Some web sites will use lines like "certified by us" or "Quality contractor" or "approved contractor" for such a sub. It really means "they paid us". Of course it does, or all subs would be on their list. Nobody can approve a sub in any meaningful way, because each job the sub does is different. Different craftsmen or crews do the work, people move on, ownership changes, etc.. A sub will do great work for a bargain price, and the same sub may do poor work and overcharge for it. People get sick, get divorced, get distracted, and things change.

I once did a telephone survey of several dozen roofing contractors listed in the Yellow Pages in Columbus, Ohio. The phone book was a year or two old, and about half of the contractors listed had already gone out of business. That's how rapidly things change in the construction business.

The best way to find subs is to talk with other recent owner-builders and interview the sub before asking for a bid. If you decide to ask for a bid, ask that sub for the three most recent jobs completed. Not three "references", but three recent jobs. Check with each owner to see if there were any surprises. This gives you the current health and effectiveness of that sub.

You don't want to pull subs from a commercial "finder service", because such advertising inflates their cost. Find your own at the time you need them.

The Lady Who Got Five Bids

by Mark A. Smith

I recently heard from a reader, Kathi D. of Tucson, AZ:

"We are now pretty much settled in our new home. We love it here. Friends and neighbors (old and new) stop by to check out the house and are so impressed with the quality of the house and all that it has to offer. We really saved a fortune by doing this on our own. Our total cost (land and building) for a 3,700 square foot home (12 ft ceilings) with every extra you can think of (and more) plus a 1,200 sq ft covered patio, and a REAL 3 car garage (approx. 1,100 sq ft), and 4 acres of prime land, came in at $363,000. Our bank appraisal came in at $475,000. The bank appraiser commented that she had never seen a home with such fine finish work and quality features. She took pictures for herself. I, of course, recommended your book to her."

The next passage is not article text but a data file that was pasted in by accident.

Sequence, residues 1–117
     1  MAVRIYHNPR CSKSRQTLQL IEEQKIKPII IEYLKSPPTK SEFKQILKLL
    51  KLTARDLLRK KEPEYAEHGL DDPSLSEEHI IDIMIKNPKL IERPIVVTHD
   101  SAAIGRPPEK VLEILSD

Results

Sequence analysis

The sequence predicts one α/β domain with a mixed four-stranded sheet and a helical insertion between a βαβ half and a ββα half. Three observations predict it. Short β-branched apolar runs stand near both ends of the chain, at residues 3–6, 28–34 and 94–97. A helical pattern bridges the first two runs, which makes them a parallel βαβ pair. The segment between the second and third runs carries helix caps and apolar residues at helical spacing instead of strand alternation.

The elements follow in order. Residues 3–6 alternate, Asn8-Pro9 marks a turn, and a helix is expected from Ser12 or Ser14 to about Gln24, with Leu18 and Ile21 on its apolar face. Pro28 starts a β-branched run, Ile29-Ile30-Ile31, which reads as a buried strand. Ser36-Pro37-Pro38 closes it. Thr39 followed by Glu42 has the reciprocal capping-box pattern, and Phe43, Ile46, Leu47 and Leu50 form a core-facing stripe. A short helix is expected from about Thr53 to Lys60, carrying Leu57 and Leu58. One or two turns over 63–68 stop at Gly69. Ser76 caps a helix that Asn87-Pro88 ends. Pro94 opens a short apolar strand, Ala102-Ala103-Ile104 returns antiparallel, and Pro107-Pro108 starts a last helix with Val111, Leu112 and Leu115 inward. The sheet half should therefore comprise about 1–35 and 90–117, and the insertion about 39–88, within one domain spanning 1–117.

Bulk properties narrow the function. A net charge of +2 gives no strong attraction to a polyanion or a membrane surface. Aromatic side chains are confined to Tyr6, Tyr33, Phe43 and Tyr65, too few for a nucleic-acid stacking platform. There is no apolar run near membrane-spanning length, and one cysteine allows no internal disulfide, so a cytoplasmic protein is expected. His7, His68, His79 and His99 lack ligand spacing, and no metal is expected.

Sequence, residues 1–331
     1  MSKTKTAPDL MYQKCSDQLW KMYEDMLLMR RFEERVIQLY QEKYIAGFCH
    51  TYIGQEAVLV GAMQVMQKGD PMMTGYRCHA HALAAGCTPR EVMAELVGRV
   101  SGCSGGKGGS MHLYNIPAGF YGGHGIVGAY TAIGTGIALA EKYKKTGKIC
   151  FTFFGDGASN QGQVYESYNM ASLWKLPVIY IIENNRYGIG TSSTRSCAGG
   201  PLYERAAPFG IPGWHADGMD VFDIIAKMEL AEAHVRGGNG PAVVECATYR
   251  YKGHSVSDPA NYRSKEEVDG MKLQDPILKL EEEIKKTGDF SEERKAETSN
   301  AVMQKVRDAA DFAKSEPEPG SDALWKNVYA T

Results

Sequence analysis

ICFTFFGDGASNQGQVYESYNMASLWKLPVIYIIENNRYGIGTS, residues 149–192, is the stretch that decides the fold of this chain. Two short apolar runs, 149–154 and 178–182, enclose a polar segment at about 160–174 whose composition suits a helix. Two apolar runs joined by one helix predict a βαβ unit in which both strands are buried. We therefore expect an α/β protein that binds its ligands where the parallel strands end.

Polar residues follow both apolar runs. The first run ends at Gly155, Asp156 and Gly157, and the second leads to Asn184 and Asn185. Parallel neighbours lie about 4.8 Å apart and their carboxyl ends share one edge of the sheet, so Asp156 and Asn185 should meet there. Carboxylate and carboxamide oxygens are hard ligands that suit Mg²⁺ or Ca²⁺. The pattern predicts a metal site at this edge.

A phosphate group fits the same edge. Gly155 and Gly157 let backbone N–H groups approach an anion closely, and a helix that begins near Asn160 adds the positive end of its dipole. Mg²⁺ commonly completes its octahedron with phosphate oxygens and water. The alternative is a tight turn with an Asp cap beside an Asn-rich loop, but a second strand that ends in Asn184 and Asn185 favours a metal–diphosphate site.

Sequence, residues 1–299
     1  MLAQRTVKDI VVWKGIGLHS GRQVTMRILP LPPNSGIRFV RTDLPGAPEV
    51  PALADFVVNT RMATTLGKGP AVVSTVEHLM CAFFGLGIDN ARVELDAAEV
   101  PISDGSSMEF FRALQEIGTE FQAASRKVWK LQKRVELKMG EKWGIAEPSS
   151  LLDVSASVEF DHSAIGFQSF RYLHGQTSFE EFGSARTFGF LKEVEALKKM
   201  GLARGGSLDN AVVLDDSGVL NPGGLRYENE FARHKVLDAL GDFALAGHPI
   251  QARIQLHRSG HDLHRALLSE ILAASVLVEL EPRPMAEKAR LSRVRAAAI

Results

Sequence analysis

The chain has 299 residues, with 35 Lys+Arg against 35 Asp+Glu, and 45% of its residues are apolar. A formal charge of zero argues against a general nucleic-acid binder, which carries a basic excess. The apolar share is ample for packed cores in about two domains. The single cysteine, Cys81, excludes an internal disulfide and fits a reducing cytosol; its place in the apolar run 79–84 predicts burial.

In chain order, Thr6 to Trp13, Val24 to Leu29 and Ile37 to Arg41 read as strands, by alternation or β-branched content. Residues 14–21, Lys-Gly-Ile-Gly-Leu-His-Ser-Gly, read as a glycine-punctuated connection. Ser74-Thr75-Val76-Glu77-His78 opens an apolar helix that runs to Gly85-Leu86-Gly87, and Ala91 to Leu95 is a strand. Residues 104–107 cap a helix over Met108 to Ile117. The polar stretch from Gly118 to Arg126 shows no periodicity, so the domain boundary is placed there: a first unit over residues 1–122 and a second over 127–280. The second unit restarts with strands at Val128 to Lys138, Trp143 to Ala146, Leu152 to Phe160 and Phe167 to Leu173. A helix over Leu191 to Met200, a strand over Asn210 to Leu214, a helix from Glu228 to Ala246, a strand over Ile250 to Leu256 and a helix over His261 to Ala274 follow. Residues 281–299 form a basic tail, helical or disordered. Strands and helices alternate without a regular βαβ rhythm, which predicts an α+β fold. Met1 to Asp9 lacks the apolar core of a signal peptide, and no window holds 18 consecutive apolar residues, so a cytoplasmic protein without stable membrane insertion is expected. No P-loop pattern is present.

Kathi's house came in at $67 per square foot, not counting the monster garage and covered patio. General contractor costs for this level of construction would now come in at $150 a foot in her area.

One of her secrets was lots of subcontractor bids:

"You recommended three bids, but on some aspects like HVAC, I got five. Each time I got a new bid I got a lot more information. When I then talk to the next person, I can talk knowledgeably, and they respected that."

Of, course, to find five good subs to ask for bids, Kathi had to start with many more names. She profited by interviewing them in advance, occasionally turning up information that saved her money later:

"Interviews were very good for me informationally. For example, on the roof, one guy was going to include scuppers, like drains, and one wasn't. The latter guy said, they should be part of the HVAC package, because they are sheet metal. So I got on the HVAC guy, and got it for free even though it wasn't specified. By that move I saved $4,000 on roofing. There were 24 scuppers, on the flat roof home. When we started with the concrete foundation guy, he said they didn't include the bolts in their price. So, I called them back, and said some of the others have that, so they gave them to me at no charge.

Kathi kept good notes of her conversations and kept a list of questions and to do items in a notebook:

"The Owner-Builder Book was right about setting up the proper files, knowing where to go for things, and staying organized. Checking references. I became the form queen. We didn't track a lot of it on computer, but I carried a notebook with me. I wrote down the tasks and crossed them off, and went back through periodically to see that things were done. I kept my conversation notes there and could find things later that way. The book was a really big help."